Included in this story was one from a fellow Named Gary Metzger, who worked in an Italian Restaurant run by an older Sicilian man near Sacramento during the 1970s. The following is taken directly from the article:
“My boss told me to clean all of these gilded mirrors along one wall of the restaurant. He told me to leave alone one really old, dusty one at the end. Well, by the time I got to it, I forgot his orders. I dusted it off, squirted it with water and wiped it down.
“There was one smudge in the lower bottom corner that wouldn’t rub off. I looked at it real close, and it was like I was looking through it at this tiny pinpoint of light. And then the pinpoint got larger and this demonic face was jumping at me. It stayed in the mirror, but I yelped and my boss heard me. He came and took me to a table. He asked what I saw.
“He told me he had bought it in the old country and the salesman warned him there was a demon trapped in the mirror. He said the salesman also told him not to break the mirror or the demon would go free.”
Commentary: I'm not really sure how to classify this particular story, but it is a good one. On the surface, it appears to be a variation on folktales concerning evil spirits trapped in objects. The fact that it's a mirror fits, as these objects often have rather sinister natures in folklore as well as folk magic, and breaking this mirror would certainly bring bad luck.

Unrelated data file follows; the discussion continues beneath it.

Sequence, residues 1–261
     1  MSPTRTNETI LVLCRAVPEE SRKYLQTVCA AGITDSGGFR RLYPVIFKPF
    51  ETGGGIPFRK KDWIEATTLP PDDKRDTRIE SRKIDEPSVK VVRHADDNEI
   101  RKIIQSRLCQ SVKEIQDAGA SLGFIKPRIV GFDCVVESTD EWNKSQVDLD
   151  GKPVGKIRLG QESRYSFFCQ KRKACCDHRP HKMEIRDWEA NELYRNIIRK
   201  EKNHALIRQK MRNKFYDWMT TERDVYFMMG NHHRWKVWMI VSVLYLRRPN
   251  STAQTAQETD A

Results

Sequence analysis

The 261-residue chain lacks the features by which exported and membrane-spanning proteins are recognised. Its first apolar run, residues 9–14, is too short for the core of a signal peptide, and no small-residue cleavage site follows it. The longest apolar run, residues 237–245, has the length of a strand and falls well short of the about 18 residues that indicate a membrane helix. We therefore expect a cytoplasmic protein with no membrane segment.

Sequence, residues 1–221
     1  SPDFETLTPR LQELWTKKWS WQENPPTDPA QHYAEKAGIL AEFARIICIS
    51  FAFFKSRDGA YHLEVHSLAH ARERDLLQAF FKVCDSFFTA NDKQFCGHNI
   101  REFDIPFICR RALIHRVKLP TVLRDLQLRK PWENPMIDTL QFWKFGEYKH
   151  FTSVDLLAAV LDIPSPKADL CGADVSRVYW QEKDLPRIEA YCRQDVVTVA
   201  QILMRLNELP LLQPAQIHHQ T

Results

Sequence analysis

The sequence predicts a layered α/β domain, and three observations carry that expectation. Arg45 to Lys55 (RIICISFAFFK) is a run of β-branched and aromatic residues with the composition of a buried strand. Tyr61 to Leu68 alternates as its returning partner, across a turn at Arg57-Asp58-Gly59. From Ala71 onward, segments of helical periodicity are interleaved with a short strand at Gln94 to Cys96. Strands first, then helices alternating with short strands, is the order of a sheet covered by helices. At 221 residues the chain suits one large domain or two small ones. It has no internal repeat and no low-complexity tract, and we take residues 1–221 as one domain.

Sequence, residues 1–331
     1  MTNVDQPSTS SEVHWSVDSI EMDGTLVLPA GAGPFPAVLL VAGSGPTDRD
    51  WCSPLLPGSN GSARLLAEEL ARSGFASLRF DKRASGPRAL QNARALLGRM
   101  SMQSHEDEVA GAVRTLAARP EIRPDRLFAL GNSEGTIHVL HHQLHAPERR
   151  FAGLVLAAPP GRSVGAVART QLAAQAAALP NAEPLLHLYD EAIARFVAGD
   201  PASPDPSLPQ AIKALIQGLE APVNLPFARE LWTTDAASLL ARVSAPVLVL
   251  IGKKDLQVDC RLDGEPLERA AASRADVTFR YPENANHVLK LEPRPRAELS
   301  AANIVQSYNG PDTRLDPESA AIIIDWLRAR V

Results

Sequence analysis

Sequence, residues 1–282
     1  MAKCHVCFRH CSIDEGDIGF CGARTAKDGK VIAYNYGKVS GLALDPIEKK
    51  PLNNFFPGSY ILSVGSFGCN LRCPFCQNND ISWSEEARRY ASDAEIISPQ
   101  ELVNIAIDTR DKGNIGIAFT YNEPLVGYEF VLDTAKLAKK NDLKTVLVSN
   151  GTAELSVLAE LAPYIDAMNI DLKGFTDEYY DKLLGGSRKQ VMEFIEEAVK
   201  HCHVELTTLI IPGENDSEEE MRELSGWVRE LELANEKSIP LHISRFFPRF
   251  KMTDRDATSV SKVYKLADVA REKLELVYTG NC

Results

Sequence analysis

Going with the folktale angle, the idea of a successful businessman purchasing a cursed item that will ultimately be his undoing is an old one. Though, in this case, the purchase is not claimed to have done him any good at all. I have to wonder why the Sicilian man doesn't claim that the mirror brings him business success due to the demon being trapped inside.
Another folktale angle is that of the apprentice dabbling into things that he isn't yet meant to know. He was told to clean the mirrors, but not one in particular. He forgets this admonition, and pays a fearful price for his lapse in memory. It's played out on a small scale, but the basic story arc is a familiar one.
On the other hand, depending on the religious leanings of Mr. Metzger, this story of the demon in the mirror might have another meaning. I have written in the past about how members of certain types of religious backgrounds use stories of demonic encounters as a way of proving their own worthiness, and it is possible that this is just such a story. However, without information concerning the religious background of Mr. Metzger, it's impossible to say if this is the case here.
Of course, one has to ask whether or not Mr. Metzger experienced something or not, and if so, what he experienced. It is, of course, entirely possible that this was simply a good, and very creepy story that he had come up with, and the newspaper's request for stories was an excellent opportunity to share it. If so, my hat's off to him.
It's also possible that he perceived something weird. In that case, one has to wonder what he perceived. Given the rather odd nature of both human memory and human perception, it is possible for someone who is both perfectly sane and perfectly honest to experience or remember experiencing something vividly that never happened. So, that's a possibility. The flipside is that something truly weird really did happen. However, without providing us with the name of the restaurant, or even which Sacramento-area town it was in, we can't check up on the story. So, we are at a dead end.